Making Time for Family Meals

Feeding a healthy family can feel like a daunting task at times. Life is busy and chaotic, and there is a lot of nutritional information and advice to sift through. With all the information out there, what is the best way to feed a healthy family?

Whether you have a young child or a teenager, one of the most important ways to ensure that your child is developing healthy eating habits and getting the proper nutrients is to have regular family meals.

Children who eat regular family meals tend to eat more fruits and vegetables, are less likely to snack on unhealthy foods, and have less behavioral problems compared with other children. Family meals provide children with social and emotional support, sustain good parenting practices, and can teach children to like a variety of foods.

Here are a few quick guidelines to help you in planning family meals:

  • Choose foods that you find rewarding to prepare and eat—you’ll be more likely to cook these foods and this can help create a positive attitude about the meal.
  • Don’t cater or short-order cook—offer everyone in the family the same meal.
  • If you serve an unfamiliar food, pair it with a familiar or favorite food—this can help encourage children to try new foods.
  • Put the meal on the table and let children pick and choose what they will eat—this will help alleviate any battles over food.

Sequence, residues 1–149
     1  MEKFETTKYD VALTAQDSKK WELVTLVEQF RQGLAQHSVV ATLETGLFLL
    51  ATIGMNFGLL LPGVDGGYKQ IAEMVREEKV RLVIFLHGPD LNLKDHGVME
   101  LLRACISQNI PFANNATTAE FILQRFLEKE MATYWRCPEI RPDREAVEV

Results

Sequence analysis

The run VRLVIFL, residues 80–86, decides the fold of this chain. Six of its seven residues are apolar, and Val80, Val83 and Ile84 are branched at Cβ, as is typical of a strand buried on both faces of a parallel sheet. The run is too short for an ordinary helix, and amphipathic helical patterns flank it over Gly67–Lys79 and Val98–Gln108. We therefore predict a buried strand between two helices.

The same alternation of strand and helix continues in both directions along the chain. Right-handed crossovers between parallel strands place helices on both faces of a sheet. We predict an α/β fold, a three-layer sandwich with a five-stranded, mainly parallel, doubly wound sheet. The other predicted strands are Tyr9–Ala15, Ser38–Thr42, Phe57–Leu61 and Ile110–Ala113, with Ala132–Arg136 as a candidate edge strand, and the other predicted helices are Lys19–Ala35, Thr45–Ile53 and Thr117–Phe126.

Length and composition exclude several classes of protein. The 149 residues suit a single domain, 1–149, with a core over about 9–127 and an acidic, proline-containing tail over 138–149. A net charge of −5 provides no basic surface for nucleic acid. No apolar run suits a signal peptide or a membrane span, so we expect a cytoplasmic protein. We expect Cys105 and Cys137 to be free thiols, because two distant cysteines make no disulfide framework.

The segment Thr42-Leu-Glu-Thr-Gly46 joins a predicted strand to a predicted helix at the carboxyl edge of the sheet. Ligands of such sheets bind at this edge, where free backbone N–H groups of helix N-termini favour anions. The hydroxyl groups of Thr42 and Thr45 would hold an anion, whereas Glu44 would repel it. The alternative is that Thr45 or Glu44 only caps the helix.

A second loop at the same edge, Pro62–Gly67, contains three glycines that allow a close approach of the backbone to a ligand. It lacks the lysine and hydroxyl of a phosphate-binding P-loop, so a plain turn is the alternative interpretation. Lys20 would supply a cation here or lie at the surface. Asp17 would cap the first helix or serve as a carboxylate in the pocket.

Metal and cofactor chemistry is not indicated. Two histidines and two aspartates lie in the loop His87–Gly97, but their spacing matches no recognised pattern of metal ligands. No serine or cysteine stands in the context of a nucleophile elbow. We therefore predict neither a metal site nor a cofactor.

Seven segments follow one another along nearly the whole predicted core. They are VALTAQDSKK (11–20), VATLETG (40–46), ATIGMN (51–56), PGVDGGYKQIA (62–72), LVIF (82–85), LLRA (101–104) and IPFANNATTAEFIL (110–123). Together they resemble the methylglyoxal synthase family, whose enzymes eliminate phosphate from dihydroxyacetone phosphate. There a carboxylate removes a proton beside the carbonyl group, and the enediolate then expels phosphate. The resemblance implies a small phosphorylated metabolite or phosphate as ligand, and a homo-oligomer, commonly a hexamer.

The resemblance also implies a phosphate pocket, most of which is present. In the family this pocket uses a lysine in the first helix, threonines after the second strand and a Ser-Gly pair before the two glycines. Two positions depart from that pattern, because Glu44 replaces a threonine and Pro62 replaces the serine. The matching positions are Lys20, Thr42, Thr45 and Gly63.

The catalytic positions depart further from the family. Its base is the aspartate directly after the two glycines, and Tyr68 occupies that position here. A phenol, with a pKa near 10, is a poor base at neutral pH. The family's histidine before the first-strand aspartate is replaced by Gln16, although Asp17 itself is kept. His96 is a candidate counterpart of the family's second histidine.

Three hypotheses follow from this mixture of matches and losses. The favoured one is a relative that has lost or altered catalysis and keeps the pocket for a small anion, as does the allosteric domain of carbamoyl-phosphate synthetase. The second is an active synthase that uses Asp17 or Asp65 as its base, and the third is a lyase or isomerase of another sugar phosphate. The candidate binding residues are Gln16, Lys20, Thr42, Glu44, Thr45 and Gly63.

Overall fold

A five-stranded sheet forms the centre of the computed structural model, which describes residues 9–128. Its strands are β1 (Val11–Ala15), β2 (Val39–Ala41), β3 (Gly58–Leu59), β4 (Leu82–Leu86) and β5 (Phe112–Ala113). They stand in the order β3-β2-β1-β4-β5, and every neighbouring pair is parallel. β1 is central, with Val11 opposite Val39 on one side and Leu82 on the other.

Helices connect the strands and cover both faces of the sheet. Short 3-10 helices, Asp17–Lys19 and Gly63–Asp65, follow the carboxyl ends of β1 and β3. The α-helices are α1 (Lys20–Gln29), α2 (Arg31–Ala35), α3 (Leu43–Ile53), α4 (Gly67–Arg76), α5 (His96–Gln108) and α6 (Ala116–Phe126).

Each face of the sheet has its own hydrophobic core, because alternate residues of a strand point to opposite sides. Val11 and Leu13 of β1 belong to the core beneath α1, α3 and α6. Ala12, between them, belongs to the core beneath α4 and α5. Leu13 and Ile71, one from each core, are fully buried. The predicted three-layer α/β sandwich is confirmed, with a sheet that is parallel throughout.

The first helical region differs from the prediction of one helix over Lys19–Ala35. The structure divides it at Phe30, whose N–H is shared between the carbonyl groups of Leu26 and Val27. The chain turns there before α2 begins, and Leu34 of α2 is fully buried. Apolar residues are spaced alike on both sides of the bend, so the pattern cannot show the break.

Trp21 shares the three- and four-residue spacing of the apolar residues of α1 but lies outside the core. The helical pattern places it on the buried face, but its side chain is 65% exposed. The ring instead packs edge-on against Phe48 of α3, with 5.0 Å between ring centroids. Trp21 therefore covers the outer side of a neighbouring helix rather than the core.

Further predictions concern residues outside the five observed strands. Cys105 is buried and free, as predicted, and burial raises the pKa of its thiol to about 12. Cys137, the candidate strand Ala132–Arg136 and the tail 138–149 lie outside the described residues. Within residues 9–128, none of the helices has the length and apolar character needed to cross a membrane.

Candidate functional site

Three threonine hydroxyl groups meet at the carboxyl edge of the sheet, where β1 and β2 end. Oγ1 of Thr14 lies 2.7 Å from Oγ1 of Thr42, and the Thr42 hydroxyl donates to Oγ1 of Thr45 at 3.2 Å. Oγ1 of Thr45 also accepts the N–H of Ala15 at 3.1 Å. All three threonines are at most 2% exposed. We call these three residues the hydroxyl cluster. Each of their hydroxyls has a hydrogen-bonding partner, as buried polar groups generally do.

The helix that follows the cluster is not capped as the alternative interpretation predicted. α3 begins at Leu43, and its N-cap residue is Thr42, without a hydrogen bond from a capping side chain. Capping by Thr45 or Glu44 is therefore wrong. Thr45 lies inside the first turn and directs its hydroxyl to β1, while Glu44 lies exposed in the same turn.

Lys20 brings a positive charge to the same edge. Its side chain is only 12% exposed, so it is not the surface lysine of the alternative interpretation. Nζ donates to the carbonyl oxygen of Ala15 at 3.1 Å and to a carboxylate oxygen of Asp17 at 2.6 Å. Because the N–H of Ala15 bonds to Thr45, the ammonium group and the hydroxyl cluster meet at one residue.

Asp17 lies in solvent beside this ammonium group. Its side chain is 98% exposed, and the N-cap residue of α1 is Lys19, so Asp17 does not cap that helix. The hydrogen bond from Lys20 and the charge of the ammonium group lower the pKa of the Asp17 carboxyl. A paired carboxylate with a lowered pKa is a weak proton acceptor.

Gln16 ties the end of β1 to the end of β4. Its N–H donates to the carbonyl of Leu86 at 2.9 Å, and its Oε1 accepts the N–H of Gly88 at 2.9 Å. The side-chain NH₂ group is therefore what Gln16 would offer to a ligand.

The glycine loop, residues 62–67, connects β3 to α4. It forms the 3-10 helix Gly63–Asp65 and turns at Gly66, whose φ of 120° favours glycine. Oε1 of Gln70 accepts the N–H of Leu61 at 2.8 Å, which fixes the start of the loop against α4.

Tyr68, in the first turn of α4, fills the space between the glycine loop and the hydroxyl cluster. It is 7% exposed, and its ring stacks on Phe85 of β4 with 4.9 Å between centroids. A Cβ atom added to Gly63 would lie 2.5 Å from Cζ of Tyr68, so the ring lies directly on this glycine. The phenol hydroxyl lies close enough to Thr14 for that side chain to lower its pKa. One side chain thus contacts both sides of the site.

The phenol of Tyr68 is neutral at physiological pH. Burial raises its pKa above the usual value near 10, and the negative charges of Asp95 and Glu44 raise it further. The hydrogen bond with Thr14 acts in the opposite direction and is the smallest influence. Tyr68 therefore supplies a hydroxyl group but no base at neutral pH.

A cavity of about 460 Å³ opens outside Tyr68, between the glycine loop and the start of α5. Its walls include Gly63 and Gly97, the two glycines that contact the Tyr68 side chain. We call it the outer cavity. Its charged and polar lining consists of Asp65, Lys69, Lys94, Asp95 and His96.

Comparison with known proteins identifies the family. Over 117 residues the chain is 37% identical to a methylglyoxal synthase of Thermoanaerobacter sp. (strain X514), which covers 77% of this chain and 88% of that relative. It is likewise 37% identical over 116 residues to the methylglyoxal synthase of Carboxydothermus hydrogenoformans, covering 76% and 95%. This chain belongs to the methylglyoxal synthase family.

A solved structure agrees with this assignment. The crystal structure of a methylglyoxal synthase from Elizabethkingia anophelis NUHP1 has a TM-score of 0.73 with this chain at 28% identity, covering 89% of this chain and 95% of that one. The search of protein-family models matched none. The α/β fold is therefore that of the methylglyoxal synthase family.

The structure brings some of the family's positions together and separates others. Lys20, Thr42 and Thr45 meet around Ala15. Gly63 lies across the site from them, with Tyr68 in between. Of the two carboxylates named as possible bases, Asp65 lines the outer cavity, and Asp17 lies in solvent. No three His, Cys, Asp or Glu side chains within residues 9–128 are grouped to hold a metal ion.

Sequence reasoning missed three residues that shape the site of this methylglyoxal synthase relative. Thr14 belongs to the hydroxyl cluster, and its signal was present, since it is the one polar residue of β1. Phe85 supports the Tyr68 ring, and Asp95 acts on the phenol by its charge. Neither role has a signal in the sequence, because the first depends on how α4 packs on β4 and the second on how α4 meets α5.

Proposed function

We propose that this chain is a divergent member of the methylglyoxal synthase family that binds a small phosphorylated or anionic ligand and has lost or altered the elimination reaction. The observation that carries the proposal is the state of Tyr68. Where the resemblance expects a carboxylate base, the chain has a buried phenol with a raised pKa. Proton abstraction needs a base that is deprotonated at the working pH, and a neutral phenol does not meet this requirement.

• Turn off outside distractions like the TV, music or computer, and spend time talking and interacting with each other—this can make family meals less stressful and more enjoyable.

For some good tips about family meals and feeding a healthy family, check out this website.

So, what are the best types of foods to serve at family meals? In general, planning meals that incorporate all the food groups will help ensure that your children are getting a good balance of nutrients.

Plan meals that have the following elements:

  • A carbohydrate source (whole grains are best)
  • A protein source (e.g. lean meats, poultry, fish, beans, legumes, nuts, etc.)
  • Plenty of fruits and vegetables
  • A good dairy or non-dairy source of calcium (milk, yogurt, cheese, calcium-fortified soy, rice or almond milks, etc.)

I have come across a few articles that might be helpful. This article gives information about stocking a pantry for quick nutritious meals, and this article talks about making fun healthy lunches with leftovers.

I realize that life is busy, especially when family members are all involved in different activities. Each family is unique, so find what works best for your family. For some, this may mean eating the family meal a little later, after a child’s sporting event. For others, it may mean setting aside time on the weekends for family meals. Whatever the solution, making time for family meals is definitely worth it.

Rachel Cope MPH, RD, CD